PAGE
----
A Manitoba judge is calling for the province to regulate imitation guns, in order to reduce the risk of fatal police shootings.
In an inquest report released Wednesday, Judge Lindy Choy recommends that the province consider new legislation on the sale and possession of fake guns to reduce the risk of harm to those who own them, the public and police.
“While a portion of the population may enjoy their use in sport or entertainment, the negative impact imitation weapons have on our communities warrants the need for some regulation,” wrote Choy.
The report does not specify exactly what limits should be placed on imitation guns.
The inquest report explores the separate, alleged “suicide by cop” shooting deaths of Haki Sefa on Sept. 20, 2015 and Mark DiCesare on Nov. 6, 2015. The report was ordered to review police actions and determine if anything could be done to prevent such deaths in the future.
In both incidents, police say they pursued each man before officers fatally shot him, the report notes.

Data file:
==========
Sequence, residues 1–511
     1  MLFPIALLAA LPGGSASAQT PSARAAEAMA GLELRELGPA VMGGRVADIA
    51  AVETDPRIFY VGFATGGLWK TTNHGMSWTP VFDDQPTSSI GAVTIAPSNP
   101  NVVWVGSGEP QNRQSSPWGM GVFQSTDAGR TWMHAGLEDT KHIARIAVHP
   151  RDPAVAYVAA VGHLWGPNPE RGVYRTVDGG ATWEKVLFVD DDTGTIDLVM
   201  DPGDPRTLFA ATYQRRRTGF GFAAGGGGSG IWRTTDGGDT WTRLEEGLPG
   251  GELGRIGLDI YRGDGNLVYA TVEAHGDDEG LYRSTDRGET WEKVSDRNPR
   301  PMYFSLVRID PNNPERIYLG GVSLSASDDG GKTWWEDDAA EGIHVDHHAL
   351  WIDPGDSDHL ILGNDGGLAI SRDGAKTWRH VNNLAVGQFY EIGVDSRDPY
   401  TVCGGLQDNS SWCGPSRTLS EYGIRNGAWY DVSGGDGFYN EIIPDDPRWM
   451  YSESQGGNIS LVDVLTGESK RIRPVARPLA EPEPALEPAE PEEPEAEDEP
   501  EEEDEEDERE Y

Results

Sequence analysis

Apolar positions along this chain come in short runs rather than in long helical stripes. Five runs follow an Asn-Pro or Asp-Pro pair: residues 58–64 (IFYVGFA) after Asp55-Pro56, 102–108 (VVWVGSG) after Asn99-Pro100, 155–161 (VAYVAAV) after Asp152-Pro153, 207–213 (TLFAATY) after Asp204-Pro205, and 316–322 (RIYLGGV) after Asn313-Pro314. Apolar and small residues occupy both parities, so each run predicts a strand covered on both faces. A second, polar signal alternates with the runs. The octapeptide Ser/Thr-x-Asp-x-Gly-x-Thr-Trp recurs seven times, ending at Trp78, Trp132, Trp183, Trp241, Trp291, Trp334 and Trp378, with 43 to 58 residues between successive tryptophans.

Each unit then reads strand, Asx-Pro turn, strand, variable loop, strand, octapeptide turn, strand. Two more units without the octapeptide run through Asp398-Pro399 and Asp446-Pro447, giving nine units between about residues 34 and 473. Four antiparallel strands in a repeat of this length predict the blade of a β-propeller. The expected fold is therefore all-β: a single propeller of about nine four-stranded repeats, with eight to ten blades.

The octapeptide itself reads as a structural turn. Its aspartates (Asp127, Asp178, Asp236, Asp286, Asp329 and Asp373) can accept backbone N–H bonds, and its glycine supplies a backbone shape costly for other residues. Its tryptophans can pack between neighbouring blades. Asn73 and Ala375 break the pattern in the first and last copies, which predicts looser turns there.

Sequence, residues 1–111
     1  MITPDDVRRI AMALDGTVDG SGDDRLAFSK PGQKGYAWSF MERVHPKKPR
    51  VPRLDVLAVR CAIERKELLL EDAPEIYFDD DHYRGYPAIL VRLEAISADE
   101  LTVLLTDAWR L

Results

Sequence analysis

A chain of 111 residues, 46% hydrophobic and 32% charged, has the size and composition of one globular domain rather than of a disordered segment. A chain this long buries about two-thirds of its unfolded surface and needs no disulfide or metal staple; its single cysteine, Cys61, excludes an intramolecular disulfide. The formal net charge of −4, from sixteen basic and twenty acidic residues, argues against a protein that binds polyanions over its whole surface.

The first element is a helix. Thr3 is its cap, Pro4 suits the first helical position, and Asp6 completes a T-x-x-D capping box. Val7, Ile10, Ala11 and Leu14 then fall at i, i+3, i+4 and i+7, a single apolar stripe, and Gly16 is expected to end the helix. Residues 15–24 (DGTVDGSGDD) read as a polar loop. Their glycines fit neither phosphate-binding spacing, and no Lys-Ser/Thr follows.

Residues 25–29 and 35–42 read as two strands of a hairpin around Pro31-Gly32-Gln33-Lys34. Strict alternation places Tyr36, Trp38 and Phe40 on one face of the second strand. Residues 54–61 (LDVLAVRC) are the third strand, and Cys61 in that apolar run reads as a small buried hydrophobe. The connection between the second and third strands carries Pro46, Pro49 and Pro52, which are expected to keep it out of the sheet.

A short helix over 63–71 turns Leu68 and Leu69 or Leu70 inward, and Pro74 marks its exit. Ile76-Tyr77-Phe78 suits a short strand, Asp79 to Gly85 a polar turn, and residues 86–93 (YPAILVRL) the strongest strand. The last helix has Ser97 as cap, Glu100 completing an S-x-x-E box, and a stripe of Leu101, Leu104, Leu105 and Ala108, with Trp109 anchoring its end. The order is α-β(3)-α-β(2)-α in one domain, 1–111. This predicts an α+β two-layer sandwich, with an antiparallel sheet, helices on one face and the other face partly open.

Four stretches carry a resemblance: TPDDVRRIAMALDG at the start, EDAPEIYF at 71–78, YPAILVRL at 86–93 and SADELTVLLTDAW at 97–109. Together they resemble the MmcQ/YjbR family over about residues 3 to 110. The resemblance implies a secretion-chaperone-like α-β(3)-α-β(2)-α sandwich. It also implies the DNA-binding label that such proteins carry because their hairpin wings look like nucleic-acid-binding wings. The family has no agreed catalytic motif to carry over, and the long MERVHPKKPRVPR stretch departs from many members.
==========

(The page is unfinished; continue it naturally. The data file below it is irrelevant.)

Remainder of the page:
DiCesare was accused of pointing what appeared to be a sub-machine gun at a police officer, then leading police on a high-speed chase while waving the apparent weapon out a window. When police stopped the vehicle, they allege he again pointed the apparent gun at officers, leading shots to be fired.
The report says the weapon was later determined to be a replica BB gun.
“In the DiCesare case, the firearm was a replica and did not pose a real threat of grave harm. There was no way, however, for police to know this and an incorrect assumption that the weapon was fake could mean the death of one or more officers,” wrote Choy.
“The availability of imitation firearms in society makes it more likely that police will be provoked to use lethal force,” she later added.
While imitation firearms can be used for entertainment and sport, Choy argued their potential danger warrants attention.
“When used improperly, imitation firearms cause death,” she wrote.
In Sefa’s case, police allege he pointed a handgun at officers and refused to drop it, which also led officers to shoot.
In relation to both cases, the inquiry doesn’t recommend police act differently in the future.
“I do not think there is anything that could be changed regarding the conduct of the (Winnipeg Police Service) which might serve to prevent a death from occurring in similar circumstances in the future,” writes Choy.
The Winnipeg Sun has requested comment from the provincial government on the call for the new legislation.
Copyright Postmedia Network Inc., 2019